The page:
But why does he frame the vow as an "if...then" statement? What's iffy about it? Jacob's vision showed him clearly that God was present in that place, and God promised to stick with him wherever he might go. So when he says "If God remains with me," he can't be articulating concern that God might actually abandon him. There is no place where God is not, and God's commitment to him is clear.
Maybe what he's really saying is, "If I am able to remain conscious of God's presence with me; if I can awaken myself to God's protection as I journey...then I will be able to fully commit myself to connection with God." The vow, in other words, is a statement primarily about Jacob: his limitations, his hopes and fears, and the kind of covenantal partner he hopes, with God's help, to be.
The Me'am Lo'ez has much to say on the subject of vows:
Actually, it is not good to be too quick to make vows. From this story of Jacob, however, we learn that when a person is in trouble, it is a good deed to pledge money for charity or make a vow to study Torah.
The Torah therefore says, "Jacob made a vow, saying (lemor)." As a general rule, wherever the Torah uses the expression "lemor," it indicates that the statement was meant to be told to others. Since no one else was present, to whom should Jacob's message be conveyed? The Torah alludes to the fact that Jacob's statement was meant to teach a lesson to all generations: in a time of trouble one may make vows to do good.
Although one does not actually do anything when he makes a vow, the merit of the good deed he intends to do protects him in advance and rescues him from trouble.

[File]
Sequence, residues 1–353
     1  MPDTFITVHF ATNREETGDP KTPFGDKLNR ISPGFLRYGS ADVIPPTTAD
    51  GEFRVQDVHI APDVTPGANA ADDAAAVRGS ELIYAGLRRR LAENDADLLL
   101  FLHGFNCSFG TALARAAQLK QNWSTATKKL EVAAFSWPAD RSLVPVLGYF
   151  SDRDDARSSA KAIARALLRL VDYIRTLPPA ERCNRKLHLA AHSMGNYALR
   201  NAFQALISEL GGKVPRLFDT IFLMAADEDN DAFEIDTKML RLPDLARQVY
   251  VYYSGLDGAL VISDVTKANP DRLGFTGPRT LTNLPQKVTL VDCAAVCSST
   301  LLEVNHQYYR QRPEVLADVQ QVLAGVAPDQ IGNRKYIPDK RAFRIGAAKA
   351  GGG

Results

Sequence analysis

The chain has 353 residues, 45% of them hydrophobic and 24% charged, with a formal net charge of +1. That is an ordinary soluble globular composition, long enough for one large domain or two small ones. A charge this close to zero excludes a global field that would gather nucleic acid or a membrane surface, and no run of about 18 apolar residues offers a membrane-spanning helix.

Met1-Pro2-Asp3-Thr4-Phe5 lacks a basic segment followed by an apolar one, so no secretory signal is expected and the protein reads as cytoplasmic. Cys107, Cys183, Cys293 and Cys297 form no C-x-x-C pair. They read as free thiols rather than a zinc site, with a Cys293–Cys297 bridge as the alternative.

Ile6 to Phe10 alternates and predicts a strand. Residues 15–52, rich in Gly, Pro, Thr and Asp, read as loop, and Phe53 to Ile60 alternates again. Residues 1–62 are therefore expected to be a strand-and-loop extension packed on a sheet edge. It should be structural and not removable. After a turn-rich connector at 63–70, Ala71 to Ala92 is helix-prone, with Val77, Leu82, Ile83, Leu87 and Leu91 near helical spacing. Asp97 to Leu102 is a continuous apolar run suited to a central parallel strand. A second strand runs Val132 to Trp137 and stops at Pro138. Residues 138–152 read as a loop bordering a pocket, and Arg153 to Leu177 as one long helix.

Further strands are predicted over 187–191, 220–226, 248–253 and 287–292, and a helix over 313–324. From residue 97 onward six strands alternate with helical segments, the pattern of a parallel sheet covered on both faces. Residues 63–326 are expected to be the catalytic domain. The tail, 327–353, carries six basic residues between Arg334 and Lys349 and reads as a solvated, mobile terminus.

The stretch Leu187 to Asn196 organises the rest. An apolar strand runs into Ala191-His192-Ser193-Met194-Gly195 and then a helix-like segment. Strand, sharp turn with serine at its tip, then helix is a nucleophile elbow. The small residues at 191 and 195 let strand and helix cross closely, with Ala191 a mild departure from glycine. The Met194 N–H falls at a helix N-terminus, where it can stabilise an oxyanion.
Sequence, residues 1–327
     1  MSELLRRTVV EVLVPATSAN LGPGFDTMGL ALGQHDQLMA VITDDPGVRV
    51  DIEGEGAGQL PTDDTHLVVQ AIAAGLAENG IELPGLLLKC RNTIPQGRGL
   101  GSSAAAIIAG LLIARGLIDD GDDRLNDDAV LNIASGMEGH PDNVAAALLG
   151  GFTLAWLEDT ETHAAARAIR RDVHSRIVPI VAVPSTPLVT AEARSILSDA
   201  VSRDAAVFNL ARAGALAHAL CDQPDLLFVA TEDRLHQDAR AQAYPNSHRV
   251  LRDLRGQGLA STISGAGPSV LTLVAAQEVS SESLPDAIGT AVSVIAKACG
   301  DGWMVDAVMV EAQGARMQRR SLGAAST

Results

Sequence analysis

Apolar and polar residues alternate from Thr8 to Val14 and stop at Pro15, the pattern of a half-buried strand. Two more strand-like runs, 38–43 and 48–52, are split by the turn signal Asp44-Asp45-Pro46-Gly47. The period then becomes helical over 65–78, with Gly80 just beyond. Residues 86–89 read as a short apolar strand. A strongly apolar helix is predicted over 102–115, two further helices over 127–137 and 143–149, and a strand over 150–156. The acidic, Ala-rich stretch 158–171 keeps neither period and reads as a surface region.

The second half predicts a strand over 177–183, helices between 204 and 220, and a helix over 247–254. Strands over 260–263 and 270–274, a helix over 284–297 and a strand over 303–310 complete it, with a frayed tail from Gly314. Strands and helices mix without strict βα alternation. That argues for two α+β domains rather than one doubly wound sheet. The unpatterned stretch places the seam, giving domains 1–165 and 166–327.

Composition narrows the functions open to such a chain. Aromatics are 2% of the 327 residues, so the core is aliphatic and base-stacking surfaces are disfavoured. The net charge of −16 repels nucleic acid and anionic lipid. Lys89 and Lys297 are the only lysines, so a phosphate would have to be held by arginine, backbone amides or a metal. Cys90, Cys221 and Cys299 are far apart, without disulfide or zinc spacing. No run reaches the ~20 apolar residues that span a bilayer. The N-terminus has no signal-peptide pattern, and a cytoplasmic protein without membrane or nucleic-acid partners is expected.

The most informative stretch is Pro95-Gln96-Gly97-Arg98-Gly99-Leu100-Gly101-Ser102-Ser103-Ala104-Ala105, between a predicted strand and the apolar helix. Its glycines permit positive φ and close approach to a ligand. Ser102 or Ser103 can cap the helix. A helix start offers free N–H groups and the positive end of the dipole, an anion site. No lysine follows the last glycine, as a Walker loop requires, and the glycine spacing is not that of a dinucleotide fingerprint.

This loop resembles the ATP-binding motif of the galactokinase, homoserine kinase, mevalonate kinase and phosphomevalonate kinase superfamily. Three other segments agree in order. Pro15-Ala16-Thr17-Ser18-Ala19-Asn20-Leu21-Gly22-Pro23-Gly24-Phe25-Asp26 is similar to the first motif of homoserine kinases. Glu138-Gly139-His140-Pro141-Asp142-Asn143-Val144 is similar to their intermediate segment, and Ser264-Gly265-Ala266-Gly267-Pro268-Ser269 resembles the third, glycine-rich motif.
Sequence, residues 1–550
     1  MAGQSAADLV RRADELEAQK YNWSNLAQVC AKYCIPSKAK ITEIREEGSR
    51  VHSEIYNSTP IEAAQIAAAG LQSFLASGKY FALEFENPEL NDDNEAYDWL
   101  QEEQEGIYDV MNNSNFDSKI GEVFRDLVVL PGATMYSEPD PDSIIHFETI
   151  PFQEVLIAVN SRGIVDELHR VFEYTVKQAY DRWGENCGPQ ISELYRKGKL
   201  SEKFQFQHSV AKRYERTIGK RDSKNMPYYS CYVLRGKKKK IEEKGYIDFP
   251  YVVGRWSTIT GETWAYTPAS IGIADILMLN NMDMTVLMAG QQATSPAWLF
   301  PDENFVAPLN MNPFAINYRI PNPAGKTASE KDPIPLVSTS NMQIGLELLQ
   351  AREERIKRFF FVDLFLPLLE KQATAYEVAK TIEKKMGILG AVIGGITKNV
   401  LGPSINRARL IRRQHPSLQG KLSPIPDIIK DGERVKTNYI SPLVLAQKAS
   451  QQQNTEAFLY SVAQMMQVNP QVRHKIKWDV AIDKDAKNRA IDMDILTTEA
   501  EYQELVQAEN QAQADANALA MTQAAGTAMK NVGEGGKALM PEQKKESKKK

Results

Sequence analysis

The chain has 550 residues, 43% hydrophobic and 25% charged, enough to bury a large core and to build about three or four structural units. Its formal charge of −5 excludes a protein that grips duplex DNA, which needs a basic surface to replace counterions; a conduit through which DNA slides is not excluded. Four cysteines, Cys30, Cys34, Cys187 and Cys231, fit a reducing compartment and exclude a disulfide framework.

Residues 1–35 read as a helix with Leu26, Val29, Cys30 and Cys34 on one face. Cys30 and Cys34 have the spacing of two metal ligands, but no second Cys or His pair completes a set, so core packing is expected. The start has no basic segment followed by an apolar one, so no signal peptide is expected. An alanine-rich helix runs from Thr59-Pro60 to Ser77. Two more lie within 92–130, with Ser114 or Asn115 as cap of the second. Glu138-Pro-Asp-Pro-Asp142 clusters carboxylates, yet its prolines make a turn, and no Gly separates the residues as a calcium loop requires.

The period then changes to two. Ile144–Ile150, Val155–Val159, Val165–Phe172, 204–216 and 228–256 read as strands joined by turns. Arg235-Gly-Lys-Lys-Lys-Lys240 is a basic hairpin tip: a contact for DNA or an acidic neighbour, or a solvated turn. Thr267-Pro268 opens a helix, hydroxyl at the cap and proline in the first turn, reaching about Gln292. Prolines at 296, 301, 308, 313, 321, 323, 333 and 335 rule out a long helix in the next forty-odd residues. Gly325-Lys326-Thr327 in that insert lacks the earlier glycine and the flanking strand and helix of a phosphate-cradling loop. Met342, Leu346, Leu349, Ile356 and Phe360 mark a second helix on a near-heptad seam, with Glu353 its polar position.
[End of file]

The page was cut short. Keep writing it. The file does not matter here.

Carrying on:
I wouldn't be so sure that making a vow doesn't actually "do" anything. To be sure, no visible outward change arises. If I were to vow today to exercise regularly in the month of December, or to daven with greater kavvanah in shul this Shabbat, or to hand a dollar to the Salvation Army bell-ringer every time I enter the grocery store, there would be no noticeable change in the fabric of my world. (And, by the same token, were I to break any of those vows, it's likely no one would notice, much less call me on it.)
But when we make promises, we change ourselves in subtle ways. This is why Jewish tradition takes vows so seriously. Our vows say something about who we are, and who we hope to become. When we make vows we can't, or don't, fulfil, a kind of intangible detritus settles in our hearts. (This is why the Kol Nidre prayer, and the full experience of Yom Kippur, can be so powerful -- they allow us to clean our emotional and spiritual filters of a year's worth of lapsed promises, to each other and to ourselves, so that divine abundance can flow freely into our lives again.)
In any event, though I quibble with his assertion that making vows doesn't "do" anything, I like the Me'am Lo'ez's argument that when a person is in trouble, it is good to pledge money for tzedakah or to make a vow to study Torah. He knows that when we make promises that we know will make a difference, we want to live up to them. That our vows shape our way of being in the world.
Like Jacob, we are all prone to losing sight of God's presence on our journeys. But if his vow is meant to serve as an example to us, maybe it can inspire us toward the heights he hoped for. If we can remember that God is with us; if we can muster gratitude for the multitude of blessings in our lives; then we, too, can lay claim to the Source of All as our God. And then every stone we encounter can be a place of connection with the Holy Blessed One; and we will be able to set aside a tithe from the rich gifts God has given us, both physical and spiritual, to give back to the wide and wonderful world.